‘Think Like A Man’: How It Knocked ‘Hunger Games’ Off Its Throne

Box-office expert explains just how significant the flick's $33 million debut really is.
By Kevin P. Sullivan

Meagan Good in "Think Like a Man"
Photo: Screen Gems Productions

The success of "Think Like a Man" shouldn't surprise anyone. For starters, it's based on a best-selling self-help book by Steve Harvey, and many box-office experts had predicted that it would finally be the movie to knock "The Hunger Games" out of its #1 spot.

But it was unclear just how big "Think Like a Man" would be. The film grossed $33 million over the weekend and according to Box Office Mojo's weekend wrap-up, "the movie had an 'A' CinemaScore, which went up to an 'A+' among men and those under the age of 25."

As Vulture put it, "It's hard to overstate the enormity of the 'TLAM' victory this past weekend." $33 million may not sound like a lot when compared to the opening weeks of "The Hunger Games" and its box-office tear, but there are two things to consider when looking at that number: competition and screens.

"Think Like a Man" had two worthy opponents to defeat on its way to box-office glory. First, there was the reigning champion, "The Hunger Games." Even in its fifth week, the YA adaptation still showed signs of life, crossing the $350 million mark this weekend. Then, there was "The Lucky One,' which boasted the Nicholas Sparks brand name and an adult role from teen heartthrob Zac Efron. On paper, these two could have proved too much for the rom-com, especially when you consider the second factor.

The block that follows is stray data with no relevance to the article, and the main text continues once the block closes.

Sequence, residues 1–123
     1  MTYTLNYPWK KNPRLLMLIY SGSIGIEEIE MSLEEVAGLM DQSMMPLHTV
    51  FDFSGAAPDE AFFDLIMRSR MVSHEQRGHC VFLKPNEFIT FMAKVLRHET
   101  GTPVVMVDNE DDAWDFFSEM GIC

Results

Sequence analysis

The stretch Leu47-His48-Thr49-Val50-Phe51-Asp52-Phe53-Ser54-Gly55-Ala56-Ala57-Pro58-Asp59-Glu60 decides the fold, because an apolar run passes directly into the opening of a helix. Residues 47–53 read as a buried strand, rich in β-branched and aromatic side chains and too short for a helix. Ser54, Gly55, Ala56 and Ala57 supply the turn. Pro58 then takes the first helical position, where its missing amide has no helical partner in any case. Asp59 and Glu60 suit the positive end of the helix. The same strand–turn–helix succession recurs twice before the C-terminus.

The large haul for "Think Like a Man" is so much more impressive when you compare the number of screens each film played on. "The Hunger Games," even in its fifth weekend, was still playing on 3,752 screens, almost twice as many as "Think Like a Man," and yet the latter did more than two times the business. Just as telling, "The Lucky One" debuted on 1,000 more screens than "Think Like a Man," yet made more than $10 million less.

BoxOffice.com editor Phil Contrino said that the success was due in large part to the community the film was aimed at. "There aren't many films that are made specifically for African-American audiences, and when it a good one comes out, that community gets behind it in a big way," he said.

Check out everything we've got on "Think Like a Man."

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